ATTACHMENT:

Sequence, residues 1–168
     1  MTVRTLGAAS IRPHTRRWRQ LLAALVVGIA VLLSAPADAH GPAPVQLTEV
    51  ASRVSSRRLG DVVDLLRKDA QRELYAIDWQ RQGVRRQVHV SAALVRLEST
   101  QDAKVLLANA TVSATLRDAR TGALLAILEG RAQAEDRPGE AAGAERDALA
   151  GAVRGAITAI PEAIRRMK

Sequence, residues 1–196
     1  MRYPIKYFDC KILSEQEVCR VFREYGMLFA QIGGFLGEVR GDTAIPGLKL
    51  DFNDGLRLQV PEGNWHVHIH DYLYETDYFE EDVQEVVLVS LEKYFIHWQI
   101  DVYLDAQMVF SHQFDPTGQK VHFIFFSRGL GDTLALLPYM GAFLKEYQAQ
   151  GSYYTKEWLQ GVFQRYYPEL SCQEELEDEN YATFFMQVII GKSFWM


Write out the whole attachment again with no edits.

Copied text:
Sequence, residues 1–168
     1  MTVRTLGAAS IRPHTRRWRQ LLAALVVGIA VLLSAPADAH GPAPVQLTEV
    51  ASRVSSRRLG DVVDLLRKDA QRELYAIDWQ RQGVRRQVHV SAALVRLEST
   101  QDAKVLLANA TVSATLRDAR TGALLAILEG RAQAEDRPGE AAGAERDALA
   151  GAVRGAITAI PEAIRRMK

Sequence, residues 1–196
     1  MRYPIKYFDC KILSEQEVCR VFREYGMLFA QIGGFLGEVR GDTAIPGLKL
    51  DFNDGLRLQV PEGNWHVHIH DYLYETDYFE EDVQEVVLVS LEKYFIHWQI
   101  DVYLDAQMVF SHQFDPTGQK VHFIFFSRGL GDTLALLPYM GAFLKEYQAQ
   151  GSYYTKEWLQ GVFQRYYPEL SCQEELEDEN YATFFMQVII GKSFWM